There’s an active play room, a homework room, a quiet activity room. There’s dinner and snacks, and quiet reading.  And the dinner and snacks  — this is important – the nourishment for ALL participants –is provided by folks who are, in general, 65 and up.

Results? Our youngest members now have friendships of their own  – relationships — with a whole group of older folks at CVUUS. Their parents are getting an occasional needed night off. The caregivers are connecting with each other in new ways in addition to connecting with the kids and the cooks. And the cooks are making the whole thing possible.

That’s under one roof.

There’s so much more we can build by caring for each other and for those of us we haven’t even met yet.

Dare we dream? Dare we build?

Dare we embark on a relationship with the future, a partnership?

I think we must.





Caitlin Gildrien

O congregation of sensible shoes.
O buttoned plaid shirts, men in neat beards,
O matriarchs with your practical Judy Dench hair,
O, church parking lot of Prius and Volt. We

are trying. We hung Black Lives Matter
over the door, and that’s not nothing.
Nobody is saying it’s nothing. What
they’re saying is “Keep going”

Or maybe, “What next?”
If we call it Social Justice,
what next? If
we call it Radical Love.

If we call it Anti-Racism.
If we call it Covenant.
If we can say that whatever
we’ve done so far, it may not

be nothing, but it is also
not enough.

Myself, I would not know how
to go to an AME church.
I would not know where to sit
or what to wear or how to sing.

I’m sure I would be welcome, but
I am not sure that I would make it
so far as to find out. And you?
O congregation who actually sings

Kum-ba-yah. Whatever you call light,
we must shine it. Whatever you call faith,
tell it to get ready, and get ready
to lean into it. Lean forward

into the fear, the unease:
Your growing edge.
And ye shall know the fruit
is ripe when the thorns

prick your tender skin. And
it’s okay to hate it
when it makes you bleed, o friends,
o sweet earnest friends. But let us hate it

together, and let us keep going.
Let us keep going.

Barbara Drapelick – Sunday, February 26, 2017

Love is the doctrine of this church, the search for truth is its sacrament, and service is its prayer.

I love those words, and to me they capture the essence of CVUUS, what we do here together each week, and what we take with us when we leave and go out in to the greater world.

I believe that everything in this life at its most fundamental level is based on love, and that everything we do in life must have love as its foundation.

I believe that justice, compassion, and respect are all born of love, and I feel that righteous anger, too, springs from love and a passion to make things equitable and just.

I believe that love will always win in the end. Always.

This may all sounds well and good, and I will readily admit that I am an idealist. But am I a PollyAnna? Not by a long shot. I know there are tremendous obstacles and trials on the path of love. It’s something we all deal with every single day.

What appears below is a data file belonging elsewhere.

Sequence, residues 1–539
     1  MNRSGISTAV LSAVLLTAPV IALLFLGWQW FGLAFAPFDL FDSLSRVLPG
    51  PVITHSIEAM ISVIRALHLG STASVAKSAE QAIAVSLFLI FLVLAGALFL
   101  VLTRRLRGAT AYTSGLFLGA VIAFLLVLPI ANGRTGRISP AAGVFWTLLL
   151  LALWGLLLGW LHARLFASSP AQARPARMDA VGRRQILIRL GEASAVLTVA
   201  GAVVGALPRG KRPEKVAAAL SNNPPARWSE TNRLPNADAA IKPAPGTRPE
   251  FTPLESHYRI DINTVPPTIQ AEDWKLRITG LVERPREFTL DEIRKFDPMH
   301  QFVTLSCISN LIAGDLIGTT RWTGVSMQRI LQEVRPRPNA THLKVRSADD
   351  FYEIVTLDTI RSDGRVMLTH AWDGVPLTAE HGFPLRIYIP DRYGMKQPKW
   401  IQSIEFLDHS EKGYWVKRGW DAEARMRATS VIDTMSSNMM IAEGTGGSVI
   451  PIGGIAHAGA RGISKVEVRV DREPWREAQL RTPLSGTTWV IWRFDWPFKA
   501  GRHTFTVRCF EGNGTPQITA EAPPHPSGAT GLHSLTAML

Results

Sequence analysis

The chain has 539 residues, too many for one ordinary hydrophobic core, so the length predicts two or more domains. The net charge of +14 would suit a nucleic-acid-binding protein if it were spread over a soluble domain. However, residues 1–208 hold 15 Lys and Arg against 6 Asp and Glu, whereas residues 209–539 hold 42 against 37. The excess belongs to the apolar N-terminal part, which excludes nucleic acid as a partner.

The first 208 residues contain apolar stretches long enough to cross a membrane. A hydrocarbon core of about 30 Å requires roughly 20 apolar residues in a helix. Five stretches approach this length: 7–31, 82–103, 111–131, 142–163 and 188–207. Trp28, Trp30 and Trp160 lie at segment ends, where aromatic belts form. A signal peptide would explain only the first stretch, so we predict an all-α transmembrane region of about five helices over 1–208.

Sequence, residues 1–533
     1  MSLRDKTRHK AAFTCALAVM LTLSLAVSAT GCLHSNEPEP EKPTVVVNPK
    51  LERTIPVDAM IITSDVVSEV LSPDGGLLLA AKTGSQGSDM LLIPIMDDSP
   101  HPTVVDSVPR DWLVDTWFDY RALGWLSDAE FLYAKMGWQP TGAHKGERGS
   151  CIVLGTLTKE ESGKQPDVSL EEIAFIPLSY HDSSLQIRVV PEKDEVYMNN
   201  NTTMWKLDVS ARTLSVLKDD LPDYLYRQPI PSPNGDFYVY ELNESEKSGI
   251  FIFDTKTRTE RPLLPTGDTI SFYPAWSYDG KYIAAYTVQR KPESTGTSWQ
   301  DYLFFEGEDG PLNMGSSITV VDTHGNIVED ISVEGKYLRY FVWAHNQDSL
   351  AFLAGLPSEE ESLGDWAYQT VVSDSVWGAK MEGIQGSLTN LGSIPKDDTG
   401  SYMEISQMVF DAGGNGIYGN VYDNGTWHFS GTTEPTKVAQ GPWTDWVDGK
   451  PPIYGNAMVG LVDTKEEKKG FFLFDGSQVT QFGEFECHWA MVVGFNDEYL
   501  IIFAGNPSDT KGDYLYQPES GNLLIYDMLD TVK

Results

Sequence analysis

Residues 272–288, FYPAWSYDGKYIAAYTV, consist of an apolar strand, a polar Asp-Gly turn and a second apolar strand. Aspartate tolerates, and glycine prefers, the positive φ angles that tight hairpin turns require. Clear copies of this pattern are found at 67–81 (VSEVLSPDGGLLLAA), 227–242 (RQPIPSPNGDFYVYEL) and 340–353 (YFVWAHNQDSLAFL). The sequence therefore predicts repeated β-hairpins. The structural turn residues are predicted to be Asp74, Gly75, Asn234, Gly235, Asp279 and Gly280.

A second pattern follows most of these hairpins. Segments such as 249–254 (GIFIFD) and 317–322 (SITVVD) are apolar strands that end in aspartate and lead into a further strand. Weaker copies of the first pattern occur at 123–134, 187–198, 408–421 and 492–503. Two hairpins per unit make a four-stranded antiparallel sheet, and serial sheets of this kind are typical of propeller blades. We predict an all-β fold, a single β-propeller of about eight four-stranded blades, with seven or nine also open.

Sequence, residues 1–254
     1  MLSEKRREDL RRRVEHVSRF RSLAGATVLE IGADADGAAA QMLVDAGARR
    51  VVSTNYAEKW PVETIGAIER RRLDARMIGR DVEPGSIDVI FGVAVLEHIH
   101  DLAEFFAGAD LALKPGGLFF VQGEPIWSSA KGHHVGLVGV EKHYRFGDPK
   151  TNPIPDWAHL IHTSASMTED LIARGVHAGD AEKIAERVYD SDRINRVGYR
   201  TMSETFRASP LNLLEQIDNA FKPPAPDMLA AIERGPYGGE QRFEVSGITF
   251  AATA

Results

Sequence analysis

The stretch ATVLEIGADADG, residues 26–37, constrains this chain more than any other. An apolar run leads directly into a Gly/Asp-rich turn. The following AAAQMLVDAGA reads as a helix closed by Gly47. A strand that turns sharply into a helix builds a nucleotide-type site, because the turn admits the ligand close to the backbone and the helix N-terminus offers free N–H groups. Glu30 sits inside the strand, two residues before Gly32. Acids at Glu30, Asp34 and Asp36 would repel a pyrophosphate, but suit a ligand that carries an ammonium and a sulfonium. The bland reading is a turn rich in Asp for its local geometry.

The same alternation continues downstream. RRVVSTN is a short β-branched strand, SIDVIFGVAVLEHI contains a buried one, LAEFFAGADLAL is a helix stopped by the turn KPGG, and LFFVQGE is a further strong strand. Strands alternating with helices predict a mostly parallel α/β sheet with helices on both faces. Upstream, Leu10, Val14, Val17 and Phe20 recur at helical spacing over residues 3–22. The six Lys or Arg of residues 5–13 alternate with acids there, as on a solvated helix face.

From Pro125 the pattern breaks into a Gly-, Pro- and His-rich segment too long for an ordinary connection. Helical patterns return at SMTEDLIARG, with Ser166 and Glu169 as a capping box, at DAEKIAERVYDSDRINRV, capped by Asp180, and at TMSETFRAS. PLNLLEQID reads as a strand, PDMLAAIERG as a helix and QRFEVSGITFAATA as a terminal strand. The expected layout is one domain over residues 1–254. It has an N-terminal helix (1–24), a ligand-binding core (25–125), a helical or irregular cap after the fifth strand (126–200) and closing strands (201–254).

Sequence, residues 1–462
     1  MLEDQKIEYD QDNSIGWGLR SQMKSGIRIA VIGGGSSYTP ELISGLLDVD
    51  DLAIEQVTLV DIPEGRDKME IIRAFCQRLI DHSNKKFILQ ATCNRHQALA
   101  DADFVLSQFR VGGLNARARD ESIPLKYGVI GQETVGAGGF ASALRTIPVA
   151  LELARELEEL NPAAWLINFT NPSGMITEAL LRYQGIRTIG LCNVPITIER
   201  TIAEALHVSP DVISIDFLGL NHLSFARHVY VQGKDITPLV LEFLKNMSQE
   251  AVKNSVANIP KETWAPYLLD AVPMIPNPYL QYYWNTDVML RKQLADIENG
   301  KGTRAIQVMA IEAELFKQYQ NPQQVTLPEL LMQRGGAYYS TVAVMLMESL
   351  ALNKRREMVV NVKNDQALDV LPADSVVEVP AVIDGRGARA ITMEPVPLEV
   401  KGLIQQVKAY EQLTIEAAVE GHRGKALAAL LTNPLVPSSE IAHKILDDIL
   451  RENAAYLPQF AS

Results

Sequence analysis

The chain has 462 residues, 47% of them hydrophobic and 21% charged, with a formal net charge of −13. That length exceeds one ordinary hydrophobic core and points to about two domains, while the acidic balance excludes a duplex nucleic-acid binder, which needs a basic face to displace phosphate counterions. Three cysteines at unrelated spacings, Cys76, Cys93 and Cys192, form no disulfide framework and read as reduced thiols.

But I see CVUUS as an incubator of love and hope, as a safe haven in which to envision and build the stepping stones to a more loving and peaceful world. CVUUS is a place where I come precisely because we don’t all look the same, we don’t all think the same way, and we don’t all approach things from the same perspective. That’s the way life is. We respect and value our differences, and even though we may not always be perfect when it comes to bridging our differences, it is something we yearn for and strive to do.

Every time we welcome someone through that door and every time we walk out of it, we are ambassadors of justice, of compassion, and of love. And at CVUUS we are committed ambassadors.

I see it time and again in our readiness to face challenges, in our passion to act, in our fearlessness to confront hatred and violence, in our willingness to admit mistakes and to regroup and go at it again; in our eagerness to reach out and share, I see it when we look in each other’s eyes, clasp hands and honor each other and our work together.

We may be small here at #2 Duane Court in Middlebury,VT, but we are mighty. I know that our efforts and the love we build here together does and will have an impact far beyond our little burg.

So, let’s squirt some WD-40 on the hinges of our hearts and open them even wider. Let’s continue to be resilient and creative in the face of animosity and difficulties; let’s build and share more love in every possible way we can.

Because love in all its manifestations is the only way forward.

Hannah Sessions

As some of you know, I was raised in this community from the age of 9. I vaguely remember the infamous first meeting in the Berninghausen’s, and remember well every stage of our growth leading up to this lovely space. In the early days of planning CVUUS it was my own mother who made the “piss or get off the pot” pronouncement which perhaps prompted the paths of fate which have brought us all together today. I know her bluntness and aforementioned approach to life and decisions has prompted many a move in my own life.